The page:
The split which results in more reduction in impurity is selected.

The criteria used to calculate the best split are

  1. Classification Error
  2. Entropy
  3. Gini-index

Classification Error

How to calculate classification error?

 

Node N1 is split into N2 and N3 based on split condition [Image by Author]

Step 1: Calculate Classification Error at Node N1 [before split]

P[class 0] = 3/8
P[class 1]=5/8

1- max[p(c)]=1-[3/8,5/8] = 1–5/8= 3/8

classification error before split =3/8

Step 2: Calculate Classification Error at Node N2

P[class 0] = 1/4
P[class 1]=3/4

1- max[p(c)]=1-[1/4,3/4] = 1–3/4 = 1/4

Step 3. Calculate Classification Error at Node N3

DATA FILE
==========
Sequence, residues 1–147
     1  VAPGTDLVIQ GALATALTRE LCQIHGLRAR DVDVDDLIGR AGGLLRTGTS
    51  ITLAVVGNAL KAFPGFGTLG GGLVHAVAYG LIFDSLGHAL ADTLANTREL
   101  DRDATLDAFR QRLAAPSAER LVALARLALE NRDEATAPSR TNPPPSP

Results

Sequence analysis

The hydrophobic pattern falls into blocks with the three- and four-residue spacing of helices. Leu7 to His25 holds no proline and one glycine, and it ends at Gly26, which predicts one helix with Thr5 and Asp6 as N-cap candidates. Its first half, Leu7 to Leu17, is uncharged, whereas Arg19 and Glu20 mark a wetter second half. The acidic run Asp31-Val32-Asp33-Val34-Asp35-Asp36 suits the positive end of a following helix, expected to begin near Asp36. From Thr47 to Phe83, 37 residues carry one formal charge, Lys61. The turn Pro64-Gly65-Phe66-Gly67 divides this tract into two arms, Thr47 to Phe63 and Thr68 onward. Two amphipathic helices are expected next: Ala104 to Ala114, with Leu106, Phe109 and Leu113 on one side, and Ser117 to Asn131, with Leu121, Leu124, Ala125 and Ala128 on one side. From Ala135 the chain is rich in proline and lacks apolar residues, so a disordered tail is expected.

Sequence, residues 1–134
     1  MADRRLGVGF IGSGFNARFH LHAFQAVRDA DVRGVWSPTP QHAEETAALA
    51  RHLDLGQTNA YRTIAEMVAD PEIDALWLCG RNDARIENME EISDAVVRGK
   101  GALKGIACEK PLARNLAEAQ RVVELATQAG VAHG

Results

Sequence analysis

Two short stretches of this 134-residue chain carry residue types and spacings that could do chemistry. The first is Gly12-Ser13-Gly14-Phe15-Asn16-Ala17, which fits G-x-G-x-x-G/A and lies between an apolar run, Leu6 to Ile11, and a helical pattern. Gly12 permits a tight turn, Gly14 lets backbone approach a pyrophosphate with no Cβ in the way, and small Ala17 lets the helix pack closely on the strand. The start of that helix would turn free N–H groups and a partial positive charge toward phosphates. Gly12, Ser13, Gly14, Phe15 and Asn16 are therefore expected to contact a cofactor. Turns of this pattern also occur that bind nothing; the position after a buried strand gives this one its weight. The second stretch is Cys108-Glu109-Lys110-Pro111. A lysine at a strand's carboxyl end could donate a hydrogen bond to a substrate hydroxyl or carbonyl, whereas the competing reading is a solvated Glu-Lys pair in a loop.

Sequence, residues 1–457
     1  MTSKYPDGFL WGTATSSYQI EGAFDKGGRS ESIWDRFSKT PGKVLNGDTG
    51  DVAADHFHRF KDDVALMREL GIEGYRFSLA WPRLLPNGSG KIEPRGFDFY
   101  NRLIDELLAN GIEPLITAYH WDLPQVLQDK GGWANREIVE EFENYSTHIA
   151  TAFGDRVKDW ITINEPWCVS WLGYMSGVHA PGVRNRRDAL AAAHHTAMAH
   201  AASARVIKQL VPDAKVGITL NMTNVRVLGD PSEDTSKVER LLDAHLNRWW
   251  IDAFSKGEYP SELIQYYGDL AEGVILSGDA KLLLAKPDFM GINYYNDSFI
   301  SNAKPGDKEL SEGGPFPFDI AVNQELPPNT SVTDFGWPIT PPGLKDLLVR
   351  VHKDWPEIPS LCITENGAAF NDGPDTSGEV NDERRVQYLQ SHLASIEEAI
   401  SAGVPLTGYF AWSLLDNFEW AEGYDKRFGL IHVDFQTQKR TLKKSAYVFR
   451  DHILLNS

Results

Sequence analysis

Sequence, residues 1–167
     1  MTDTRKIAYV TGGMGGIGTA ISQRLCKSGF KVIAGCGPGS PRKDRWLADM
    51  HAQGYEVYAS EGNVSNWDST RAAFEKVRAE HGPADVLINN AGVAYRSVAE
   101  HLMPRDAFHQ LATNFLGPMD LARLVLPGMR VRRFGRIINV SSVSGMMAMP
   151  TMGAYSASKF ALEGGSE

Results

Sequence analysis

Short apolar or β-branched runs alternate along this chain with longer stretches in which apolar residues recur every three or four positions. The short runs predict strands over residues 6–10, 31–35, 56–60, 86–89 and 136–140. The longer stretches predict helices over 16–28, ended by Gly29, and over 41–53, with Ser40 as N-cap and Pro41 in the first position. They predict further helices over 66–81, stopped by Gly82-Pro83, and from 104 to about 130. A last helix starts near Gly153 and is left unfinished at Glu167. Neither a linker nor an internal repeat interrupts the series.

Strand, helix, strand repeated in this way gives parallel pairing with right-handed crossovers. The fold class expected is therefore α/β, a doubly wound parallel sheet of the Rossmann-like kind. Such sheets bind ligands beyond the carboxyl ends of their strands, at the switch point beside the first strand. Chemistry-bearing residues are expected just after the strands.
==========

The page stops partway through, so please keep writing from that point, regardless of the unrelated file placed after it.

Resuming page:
P[class 0] = 2/4
P[class 1]=2/4

1- max[p(c)]=1-[2/4,2/4] = 1–2/4 = 2/8

Step 4. Average classification error of children node.

The proportion of data points in node n2 = 4/8
[ 4 out of 8 data points are in node n2]

The proportion of data points in node n3 = 4/8
[ 4 out of 8 data points are in node n3]

Weighted classification error = 4/8 * 1/4 + 4/8 * 2/4 = 3/8

classification error after split =3/8

5. Classification Error Change:

Classification error before split = 3/8
Classification error after split =3/8

Classification Error change = 3/8–3/8=0

Classification error for the above split is 0

Split is done based on each feature. For each feature, the change in classification error is calculated and the feature which gives the maximum classification error change is chosen for the split.